One resource that has re-energized my resolve is “Aligning IEPs to the Common Core State Standards” http://www.amazon.com/Aligning-IEPs...gning+ieps+to+the+common+core+state+standards. It helps you to find those standards that will serve the student functionally as well as expose them to the common core curriculum.
    Sorry for the soap box. I’m a little too passionate, but I’ve had all summer to ponder it. I’ll check in at the end of this school year…by then I will have been beaten down a notch ;)
     
  5. ecteach

    ecteach Devotee

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    Aug 15, 2012

    Thanks for your reply. I went to a training at UNC-G this summer for promoting literacy to individuals with severe delays, and my eyes were totally opened to a whole new approach. I don't know where you live, but if you EVER have the chance to go to this training, I recommend it for sure. I can send you the specific name of it if you want. It was very affordable. ( I think $50)

    Of course, I found out EVERYTHING I was doing is wrong! :whistle: Now, I am sort-of second guessing everything I do or have done in the past. I am a bit of a perfectionist, and my coworkers tease me that I am harder and expect more out of my students than they do from theirs. I feel like teachers who teach this population are just left out in the cold by administration. I WANT corrective criticism. I don't want the administrator to read a newspaper during my evaluation. But, that's a whole other issue, isn't it?
     
  6. ecteach

    ecteach Devotee

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    Aug 15, 2012

    I have another question for you, since you seem to be interested in this post.......
    What is your take on IEP Goals in this day and age. I mean, if we are going to teach the general ed curriculum with modifications, shouldn't we focus more on the modifications that will be used than the goal itself? We are going to be teaching such a variety of things in our classrooms, so why would we just want a student to master ONE little goal per school year? I know we are supposed to update/change the goal once the student masters it. However, by us stating that we really only want the child to master that one thing, aren't we selling them short?

    Do I make any sense, or is this just an argument I have in my own brain?
     
  7. WaterfallLady

    WaterfallLady Enthusiast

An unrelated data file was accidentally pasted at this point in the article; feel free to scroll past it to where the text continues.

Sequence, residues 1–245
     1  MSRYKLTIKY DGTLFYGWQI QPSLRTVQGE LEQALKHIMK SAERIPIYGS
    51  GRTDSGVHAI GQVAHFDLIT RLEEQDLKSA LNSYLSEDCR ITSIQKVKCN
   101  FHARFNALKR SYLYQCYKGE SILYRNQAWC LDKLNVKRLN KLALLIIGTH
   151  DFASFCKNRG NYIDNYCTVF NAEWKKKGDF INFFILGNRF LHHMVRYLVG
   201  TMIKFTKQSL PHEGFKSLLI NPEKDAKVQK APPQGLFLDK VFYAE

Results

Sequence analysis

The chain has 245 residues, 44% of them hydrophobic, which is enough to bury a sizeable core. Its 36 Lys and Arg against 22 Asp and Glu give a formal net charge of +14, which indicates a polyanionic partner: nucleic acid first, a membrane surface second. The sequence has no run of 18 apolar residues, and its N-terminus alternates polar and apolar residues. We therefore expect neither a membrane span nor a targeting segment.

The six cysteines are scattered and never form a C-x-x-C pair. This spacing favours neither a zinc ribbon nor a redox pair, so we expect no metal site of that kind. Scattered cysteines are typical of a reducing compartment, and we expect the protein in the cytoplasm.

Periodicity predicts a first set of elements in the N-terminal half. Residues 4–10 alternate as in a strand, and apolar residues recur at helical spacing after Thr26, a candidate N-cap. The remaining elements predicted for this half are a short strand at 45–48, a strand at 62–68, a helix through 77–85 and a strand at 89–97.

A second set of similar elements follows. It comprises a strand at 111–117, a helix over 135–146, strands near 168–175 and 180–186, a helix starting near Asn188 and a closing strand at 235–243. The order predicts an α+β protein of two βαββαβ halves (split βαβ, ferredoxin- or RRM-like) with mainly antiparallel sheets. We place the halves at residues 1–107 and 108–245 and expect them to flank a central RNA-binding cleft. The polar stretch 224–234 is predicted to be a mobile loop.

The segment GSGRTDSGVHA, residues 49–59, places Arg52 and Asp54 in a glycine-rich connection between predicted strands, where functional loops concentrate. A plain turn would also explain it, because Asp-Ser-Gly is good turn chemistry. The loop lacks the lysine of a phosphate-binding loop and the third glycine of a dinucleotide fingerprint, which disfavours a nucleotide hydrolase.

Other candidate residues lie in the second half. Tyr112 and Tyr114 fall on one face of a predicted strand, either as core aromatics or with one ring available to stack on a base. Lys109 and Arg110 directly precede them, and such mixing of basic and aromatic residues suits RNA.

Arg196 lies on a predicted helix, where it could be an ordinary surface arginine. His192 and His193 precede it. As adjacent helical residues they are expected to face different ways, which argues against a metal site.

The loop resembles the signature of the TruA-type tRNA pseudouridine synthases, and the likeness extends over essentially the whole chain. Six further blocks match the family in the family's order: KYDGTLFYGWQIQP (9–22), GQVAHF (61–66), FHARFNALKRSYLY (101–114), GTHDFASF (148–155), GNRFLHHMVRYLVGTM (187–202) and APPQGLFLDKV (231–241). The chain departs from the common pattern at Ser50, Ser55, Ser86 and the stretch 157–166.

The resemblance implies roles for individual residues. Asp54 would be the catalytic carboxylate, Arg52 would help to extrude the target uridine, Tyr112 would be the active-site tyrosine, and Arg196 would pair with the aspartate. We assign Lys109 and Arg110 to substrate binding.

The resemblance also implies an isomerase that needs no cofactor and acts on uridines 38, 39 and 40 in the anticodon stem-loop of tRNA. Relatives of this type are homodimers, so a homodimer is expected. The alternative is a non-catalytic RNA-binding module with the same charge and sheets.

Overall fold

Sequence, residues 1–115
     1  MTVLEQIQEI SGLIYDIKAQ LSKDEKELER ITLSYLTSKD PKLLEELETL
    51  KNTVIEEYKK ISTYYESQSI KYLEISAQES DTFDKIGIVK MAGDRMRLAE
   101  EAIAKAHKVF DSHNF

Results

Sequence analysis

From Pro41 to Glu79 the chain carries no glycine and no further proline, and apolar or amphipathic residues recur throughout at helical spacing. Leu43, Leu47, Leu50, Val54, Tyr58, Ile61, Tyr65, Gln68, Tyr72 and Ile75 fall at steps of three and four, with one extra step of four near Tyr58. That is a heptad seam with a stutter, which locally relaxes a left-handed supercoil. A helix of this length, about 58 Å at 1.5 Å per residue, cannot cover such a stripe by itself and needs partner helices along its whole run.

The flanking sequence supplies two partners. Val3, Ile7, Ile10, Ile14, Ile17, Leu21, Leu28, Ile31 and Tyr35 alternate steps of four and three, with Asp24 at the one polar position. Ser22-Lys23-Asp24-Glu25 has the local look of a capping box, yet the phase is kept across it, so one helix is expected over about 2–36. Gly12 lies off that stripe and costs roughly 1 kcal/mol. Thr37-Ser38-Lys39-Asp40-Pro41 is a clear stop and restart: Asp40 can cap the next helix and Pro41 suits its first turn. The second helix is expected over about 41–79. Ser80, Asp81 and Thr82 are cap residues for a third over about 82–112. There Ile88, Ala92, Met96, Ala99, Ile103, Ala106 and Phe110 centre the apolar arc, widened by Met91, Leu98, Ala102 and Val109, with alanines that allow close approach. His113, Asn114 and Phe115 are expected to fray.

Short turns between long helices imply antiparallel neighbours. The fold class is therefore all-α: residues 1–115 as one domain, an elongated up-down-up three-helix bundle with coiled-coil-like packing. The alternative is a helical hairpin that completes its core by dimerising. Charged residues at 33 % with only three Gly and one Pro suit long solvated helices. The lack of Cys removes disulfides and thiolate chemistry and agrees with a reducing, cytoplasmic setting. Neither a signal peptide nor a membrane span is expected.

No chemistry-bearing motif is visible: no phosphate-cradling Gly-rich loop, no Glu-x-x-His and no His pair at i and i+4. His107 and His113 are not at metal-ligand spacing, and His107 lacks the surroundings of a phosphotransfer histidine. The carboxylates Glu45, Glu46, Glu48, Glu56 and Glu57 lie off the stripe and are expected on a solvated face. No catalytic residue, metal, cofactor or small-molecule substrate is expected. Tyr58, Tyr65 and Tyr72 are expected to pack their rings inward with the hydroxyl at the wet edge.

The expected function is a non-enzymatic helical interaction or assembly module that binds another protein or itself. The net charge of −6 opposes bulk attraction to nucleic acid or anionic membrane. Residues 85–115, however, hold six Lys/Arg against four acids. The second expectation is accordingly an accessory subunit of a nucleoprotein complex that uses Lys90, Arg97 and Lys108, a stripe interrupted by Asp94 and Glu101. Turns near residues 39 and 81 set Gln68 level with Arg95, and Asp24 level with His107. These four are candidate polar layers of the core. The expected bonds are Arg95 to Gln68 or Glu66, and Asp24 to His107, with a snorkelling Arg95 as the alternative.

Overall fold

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    Aug 16, 2012

    Good question ECteach. If I have goals for a student on his or her IEP, they aren't my only goals for him or her. I also have other goals, they just aren't as well written and documented.
     
  8. deefreddy

    deefreddy Companion

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    Aug 17, 2012

    I agree with Waterfall Lady. The goals I write are one or two priorities in an area. I work on many other things, most of the time dancing around the goal area so its not "drill and kill". Every month or so I assess the progress, and if there is none or little, then I get more focused.

    I incorporate the modification into the goal, so instead of just restating the core standard, I describe how the student will demonstrate mastery of the modified standard, i.e., "Joan will select two major themes using pictures with phrases after hearing a text summary read aloud..." I think that outlining what assistive technology will be used to demonstate proficiency is as important as the goal, and AT could be as simple as a few pictures to choose from. Its not only technology.

    Ditto the administration! Mine acts like they'll catch something. They always hit up my bottle of hand sanitizer after the students shake their hands!

    I'd be interested in seeing if the training you went to has a webinar. What is it called?
     
  9. Rhea71

    Rhea71 New Member

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    Aug 19, 2012

    I am also interested in the training.. please post more information.... Thank you!
     
  10. swansong1

    swansong1 Virtuoso

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    Aug 19, 2012

    This is a good thread that I have personal experience with.
    My son is severely disabled and spent all his years in self contained classes. He doesn't talk and his teachers all through school did a remarkable job working with him on self help skills and also incorporating academics. They recognized that he is very bright, in spite of the fact that he doesn't speak and only responds to them with a smile. In fact, one teacher in high school, not even a SPED teacher, took him under her wing and got him enrolled in some gen ed classes with an aide.